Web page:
The crisp air was the kind of cold that huddled in the shadows of a sunny winter’s day. The solemn rows of white markers stood attention over those who served and died. Their careful arrangement a reminder of the fleeting days of life and the legacy of honor. Upon the hill, the view opened to the Capitol building. The reflection of lawmakers holding in their hands the responsibility of lives. How effective would they be if they sat among the dead instead of in front of cameras?

We rang the bell to an inconspicuous door tucked into the side of the white stone walls of the amphitheater. The sputtering sound of the intercom hollowed out the voice of a soldier requesting our purpose. Upon stating our name and intention, he asked if we were dressed appropriately. My Dad stood beside me, his black wool overcoat surrounding a navy suit, stiff white shirt and royal blue tie, fit and tailored to honor himself and the soldier in the grave. A slate felt fedora covered the head of our family who was regretting stiff shoes on cold concrete. He had the distinguished look of a statesman.

A young soldier came to the door, stood in front of us and gave us the instructions of our part of the honor ceremony we would join. Upon the receipt of instructions, we climbed the stairs to stand and watch and wait. From our advantage, we looked down at the sacred ground of the large sarcophagus. The words Here rests in honored glory an American soldier known but to God etched into the white marble seared my heart. Although a large assembly was gathered there were no voices, just the cadence of taps from the shining heels of the Sentinel. Twenty-one rolling steps. Click. About face. Click. Twenty-one seconds of reflection. Click. The precision of each movement a testimony to the importance of the soldier within the tomb. The dedicated achievement of excellence a reminder of why we were there.

In a voice that carried through the cold air, gruff, commanding and serious, our Host Sentinel addressed the crowd announcing the changing of the guard. He demanded solemnity from the crowd as he explained his tasks. Once the guard was in place, the Host Sentinel climbed the stairs to us.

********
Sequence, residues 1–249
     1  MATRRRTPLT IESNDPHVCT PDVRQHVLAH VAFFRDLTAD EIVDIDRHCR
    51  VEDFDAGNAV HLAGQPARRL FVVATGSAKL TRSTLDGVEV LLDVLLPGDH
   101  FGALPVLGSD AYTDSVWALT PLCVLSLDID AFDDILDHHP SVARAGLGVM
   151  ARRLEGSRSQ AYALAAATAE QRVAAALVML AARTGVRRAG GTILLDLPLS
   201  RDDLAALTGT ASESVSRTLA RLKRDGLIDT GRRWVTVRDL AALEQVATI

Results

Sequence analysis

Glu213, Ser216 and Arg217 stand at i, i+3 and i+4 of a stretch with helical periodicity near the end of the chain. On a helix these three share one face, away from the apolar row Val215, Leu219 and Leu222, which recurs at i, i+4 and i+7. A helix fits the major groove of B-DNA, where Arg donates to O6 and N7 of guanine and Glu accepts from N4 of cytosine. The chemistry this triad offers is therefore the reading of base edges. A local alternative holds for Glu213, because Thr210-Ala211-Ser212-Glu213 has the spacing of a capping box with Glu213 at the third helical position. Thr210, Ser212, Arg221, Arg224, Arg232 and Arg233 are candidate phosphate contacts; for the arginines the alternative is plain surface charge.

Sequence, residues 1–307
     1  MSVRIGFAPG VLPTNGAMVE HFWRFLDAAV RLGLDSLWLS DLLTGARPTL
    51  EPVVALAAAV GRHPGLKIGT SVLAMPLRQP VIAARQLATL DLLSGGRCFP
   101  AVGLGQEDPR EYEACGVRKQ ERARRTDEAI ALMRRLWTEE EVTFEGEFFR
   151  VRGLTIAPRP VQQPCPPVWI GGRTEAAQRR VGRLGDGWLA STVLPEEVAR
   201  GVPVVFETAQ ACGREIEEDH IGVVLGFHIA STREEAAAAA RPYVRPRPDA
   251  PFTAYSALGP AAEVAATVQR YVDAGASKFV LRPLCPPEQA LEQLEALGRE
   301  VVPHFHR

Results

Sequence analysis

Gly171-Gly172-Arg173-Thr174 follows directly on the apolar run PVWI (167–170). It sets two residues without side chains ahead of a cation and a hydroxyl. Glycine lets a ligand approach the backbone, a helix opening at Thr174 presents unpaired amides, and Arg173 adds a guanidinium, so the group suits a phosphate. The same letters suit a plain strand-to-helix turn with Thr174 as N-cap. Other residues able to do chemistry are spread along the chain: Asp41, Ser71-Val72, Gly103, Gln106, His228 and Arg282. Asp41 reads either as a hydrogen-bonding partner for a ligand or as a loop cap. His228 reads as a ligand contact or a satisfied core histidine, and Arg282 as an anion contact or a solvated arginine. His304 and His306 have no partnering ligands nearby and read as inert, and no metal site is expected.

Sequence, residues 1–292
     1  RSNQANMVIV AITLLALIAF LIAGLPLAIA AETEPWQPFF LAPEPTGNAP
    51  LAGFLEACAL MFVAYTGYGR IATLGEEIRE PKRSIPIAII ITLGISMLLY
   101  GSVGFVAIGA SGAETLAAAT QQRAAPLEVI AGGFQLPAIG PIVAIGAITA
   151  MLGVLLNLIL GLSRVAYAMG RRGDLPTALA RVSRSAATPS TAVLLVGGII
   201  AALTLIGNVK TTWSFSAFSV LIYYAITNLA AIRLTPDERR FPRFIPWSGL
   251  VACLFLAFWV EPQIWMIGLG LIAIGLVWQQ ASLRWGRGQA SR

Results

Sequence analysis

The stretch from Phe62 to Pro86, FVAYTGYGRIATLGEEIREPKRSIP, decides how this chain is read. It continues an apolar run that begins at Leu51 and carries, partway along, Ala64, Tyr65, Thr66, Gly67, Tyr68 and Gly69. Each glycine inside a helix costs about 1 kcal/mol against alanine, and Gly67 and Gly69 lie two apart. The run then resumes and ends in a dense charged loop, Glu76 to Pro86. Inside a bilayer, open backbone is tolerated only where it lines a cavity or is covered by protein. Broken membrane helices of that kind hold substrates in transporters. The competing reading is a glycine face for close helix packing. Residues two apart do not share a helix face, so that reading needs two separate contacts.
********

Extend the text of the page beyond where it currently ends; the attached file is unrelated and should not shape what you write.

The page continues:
My Dad stood centered on the top step. His four girls by his side. The Sentinel approached, his intimidating face serious until he reached the top, where a gentle grin broke across his face as he welcomed us. He asked why we were participating. We shared it was our father’s seventieth birthday. He wished Dad a Happy Birthday and shared it was also his birthday. He was celebrating his thirty-fourth. He gave us a few more instructions. I placed my arm through my Dad’s and with the command of step, we descended to the tomb. My sisters placed at different levels upon the stairs, we stood in honor of the fallen and our father.

We were approached by a second Sentinel holding the wreath created by our family. Upon the evergreen boughs were five deep blue hydrangea, my mother’s favorite flower, representing the five families which combine into one. Two large red roses, the representation of my parents, were encircled by eight smaller red roses for their children. Sixteen white paper roses posed as the grandchildren. There were sprigs of lavender for each veteran of our family from the Greatest generation to date. Filling out the wreath were red berries to symbolize the generations to come–a legacy only just beginning and baby’s breath reminding us that we are sustained by the Breath of God.

Dad and I joined the Sentinel in securing the wreath at the foot of the tomb. We backed to the side of our host and lay our hands across our hearts. Taps filled the air. We were escorted back to the top of the arena, where we enjoyed a final conversation with this Soldier who recognizes his inability to meet the perfection required of him, but never failing to push himself to the standard.

At the completion of the ceremony, with warm tears turning cold on my cheeks, I was reminded of the importance of dignity and honor. There is value in the occasional ceremony of pomp and circumstance to remind us that the days of leisure we enjoy were secured with a great sacrifice.

Our task complete, we rode the tram back through the winding paths lined by the stones of distinguished people. But as we reached the bottom of the hill, to our left were the stones marking slaves who worked and died on the ground they now rested beneath. Under each name, the word citizen. As I thought of the entirety of those grounds, my heart began to fill with Hallelujah . Beyond all sacrifices represented in the 600 acres of Arlington, I was reminded of the tomb of a King, which now stands empty giving the enslaved citizenship at the end of the road.

The privilege of honoring the fallen, while also extending honor to my Dad will be a treasured memory. The hope that comes from knowing the greatest sacrifice, a gift.

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